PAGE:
Escherichia coli (abbreviated as E. coli) are a large and diverse group of bacteria. Although most strains of E. coli are harmless, others can make you sick. Some kinds of E. coli can cause diarrhea, while others cause urinary tract infections, respiratory illness and pneumonia, and other illnesses. Still other kinds of E. coli are used as markers for water contamination—so you might hear about E. coli being found in drinking water, which are not themselves harmful, but indicate the water is contaminated.
Some kinds of E. coli cause disease by making a toxin called Shiga toxin. The bacteria that make these toxins are called “Shiga toxin-producing” E. coli, or STEC for short. You might hear these bacteria called verocytotoxic E. coli (VTEC) or enterohemorrhagic E. coli (EHEC); these all refer generally to the same group of bacteria. The strain of Shiga toxin-producing E. coli O104:H4 that caused a large outbreak in Europe in 2011 was frequently referred to as EHEC. The most commonly identified STEC in North America is E. coli O157:H7 (often shortened to E. coli O157 or even just “O157”). When you hear news reports about outbreaks of “E. coli” infections, they are usually talking about E. coli O157.
Most of what we know about STEC comes from outbreak investigations and studies of E. coli O157 infection, which was first identified as a pathogen in 1982. The non-O157 STEC are not nearly as well understood, partly because outbreaks due to them are rarely identified. As a whole, the non-O157 serogroup is less likely to cause severe illness than E. coli O157; however, some non-O157 STEC serogroups can cause the most severe manifestations of STEC illness.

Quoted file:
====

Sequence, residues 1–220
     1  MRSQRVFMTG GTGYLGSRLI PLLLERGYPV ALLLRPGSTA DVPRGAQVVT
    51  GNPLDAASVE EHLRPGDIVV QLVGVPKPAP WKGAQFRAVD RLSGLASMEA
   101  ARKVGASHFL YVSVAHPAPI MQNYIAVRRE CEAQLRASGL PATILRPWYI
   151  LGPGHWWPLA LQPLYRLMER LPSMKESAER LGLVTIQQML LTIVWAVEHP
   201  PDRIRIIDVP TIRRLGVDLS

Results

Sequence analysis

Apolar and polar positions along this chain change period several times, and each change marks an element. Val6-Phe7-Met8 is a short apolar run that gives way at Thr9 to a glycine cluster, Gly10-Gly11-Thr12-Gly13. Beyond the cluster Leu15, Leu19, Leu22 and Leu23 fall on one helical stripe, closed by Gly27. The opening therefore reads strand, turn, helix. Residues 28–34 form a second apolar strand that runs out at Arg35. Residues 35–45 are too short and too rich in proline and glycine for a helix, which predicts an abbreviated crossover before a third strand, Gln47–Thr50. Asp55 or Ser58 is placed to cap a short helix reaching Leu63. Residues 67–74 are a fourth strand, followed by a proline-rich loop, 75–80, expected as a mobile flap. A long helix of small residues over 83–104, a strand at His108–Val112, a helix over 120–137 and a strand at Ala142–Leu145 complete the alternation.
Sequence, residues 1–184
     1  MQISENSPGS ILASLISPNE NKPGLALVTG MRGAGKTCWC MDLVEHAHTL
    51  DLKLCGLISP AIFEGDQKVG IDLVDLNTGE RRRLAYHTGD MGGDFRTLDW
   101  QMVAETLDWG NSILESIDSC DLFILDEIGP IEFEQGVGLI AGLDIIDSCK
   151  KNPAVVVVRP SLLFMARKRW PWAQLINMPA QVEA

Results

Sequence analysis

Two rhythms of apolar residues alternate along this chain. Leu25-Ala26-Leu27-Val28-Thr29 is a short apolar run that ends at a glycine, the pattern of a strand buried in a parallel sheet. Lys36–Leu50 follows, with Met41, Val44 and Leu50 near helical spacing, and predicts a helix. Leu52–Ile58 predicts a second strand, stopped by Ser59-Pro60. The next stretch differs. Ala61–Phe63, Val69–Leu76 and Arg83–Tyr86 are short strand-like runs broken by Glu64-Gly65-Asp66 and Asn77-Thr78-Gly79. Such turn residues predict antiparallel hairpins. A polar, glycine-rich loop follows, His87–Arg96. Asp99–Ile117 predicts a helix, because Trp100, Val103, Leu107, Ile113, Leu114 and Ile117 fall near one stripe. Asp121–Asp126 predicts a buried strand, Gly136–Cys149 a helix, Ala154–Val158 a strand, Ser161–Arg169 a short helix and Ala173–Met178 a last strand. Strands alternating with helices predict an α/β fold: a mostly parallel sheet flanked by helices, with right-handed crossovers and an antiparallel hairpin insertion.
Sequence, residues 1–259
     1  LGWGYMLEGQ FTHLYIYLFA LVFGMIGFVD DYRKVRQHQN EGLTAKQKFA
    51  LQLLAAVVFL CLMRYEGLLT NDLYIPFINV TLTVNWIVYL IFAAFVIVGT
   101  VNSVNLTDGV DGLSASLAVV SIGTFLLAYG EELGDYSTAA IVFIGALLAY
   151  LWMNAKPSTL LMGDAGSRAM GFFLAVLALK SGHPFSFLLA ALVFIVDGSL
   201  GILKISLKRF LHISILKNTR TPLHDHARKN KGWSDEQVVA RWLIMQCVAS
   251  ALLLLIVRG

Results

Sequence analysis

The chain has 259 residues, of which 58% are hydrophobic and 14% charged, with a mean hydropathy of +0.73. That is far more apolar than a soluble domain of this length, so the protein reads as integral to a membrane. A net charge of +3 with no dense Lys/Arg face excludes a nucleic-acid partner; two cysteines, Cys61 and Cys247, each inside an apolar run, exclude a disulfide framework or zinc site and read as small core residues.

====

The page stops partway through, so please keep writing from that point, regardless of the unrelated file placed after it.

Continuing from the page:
Symptoms of E. coli O157:H7 include watery or bloody diarrhea, fever, abdominal cramps, nausea, and vomiting. Illness may be mild or severe. Usually little or no fever is present, and the illness resolves in 5 to 10 days.
Young children are more likely to have severe symptoms, including kidney failure.
Most people recover without antibiotics or other specific treatment in 5-10 days. There is no evidence that antibiotics improve the course of disease, and it is thought that treatment with some antibiotics may cause kidney complications. Antidiarrheal agents, such as loperamide (Imodium®), is usually avoided. If you think you may be infected see your provider and discuss your options.
Most illness has been associated with eating undercooked, contaminated ground beef. Contaminated meat may look and smell normal.
Person-to-person contact in families and childcare centers is also an important mode of transmission.
Other possible sources of infection are unwashed vegetables, salami, unpasteurized milk and juice, and swimming in or drinking sewage-contaminated water.
Because there are so many possible sources, for most people we can only guess. If your infection happens to be part of the about 20% of cases that are part of a recognized outbreak, the health department might identify the source.
People can help prevent E. coli O157:H7 infection by thoroughly cooking ground beef, washing their hands, avoiding unpasteurized milk, and washing fruits and vegetables.
Because the organism lives in the intestines of healthy cattle, preventive measures on cattle farms and during meat processing are being investigated.